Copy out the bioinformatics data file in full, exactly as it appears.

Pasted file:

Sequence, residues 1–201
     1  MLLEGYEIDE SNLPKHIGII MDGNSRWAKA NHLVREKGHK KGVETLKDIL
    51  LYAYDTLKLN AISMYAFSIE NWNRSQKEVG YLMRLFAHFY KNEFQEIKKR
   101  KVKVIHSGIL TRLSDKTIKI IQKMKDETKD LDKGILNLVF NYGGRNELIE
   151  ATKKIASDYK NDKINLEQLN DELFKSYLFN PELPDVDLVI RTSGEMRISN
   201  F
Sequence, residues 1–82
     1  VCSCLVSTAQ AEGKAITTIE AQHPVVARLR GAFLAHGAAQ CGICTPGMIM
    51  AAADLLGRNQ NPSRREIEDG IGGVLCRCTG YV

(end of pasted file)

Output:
Sequence, residues 1–201
     1  MLLEGYEIDE SNLPKHIGII MDGNSRWAKA NHLVREKGHK KGVETLKDIL
    51  LYAYDTLKLN AISMYAFSIE NWNRSQKEVG YLMRLFAHFY KNEFQEIKKR
   101  KVKVIHSGIL TRLSDKTIKI IQKMKDETKD LDKGILNLVF NYGGRNELIE
   151  ATKKIASDYK NDKINLEQLN DELFKSYLFN PELPDVDLVI RTSGEMRISN
   201  F
Sequence, residues 1–82
     1  VCSCLVSTAQ AEGKAITTIE AQHPVVARLR GAFLAHGAAQ CGICTPGMIM
    51  AAADLLGRNQ NPSRREIEDG IGGVLCRCTG YV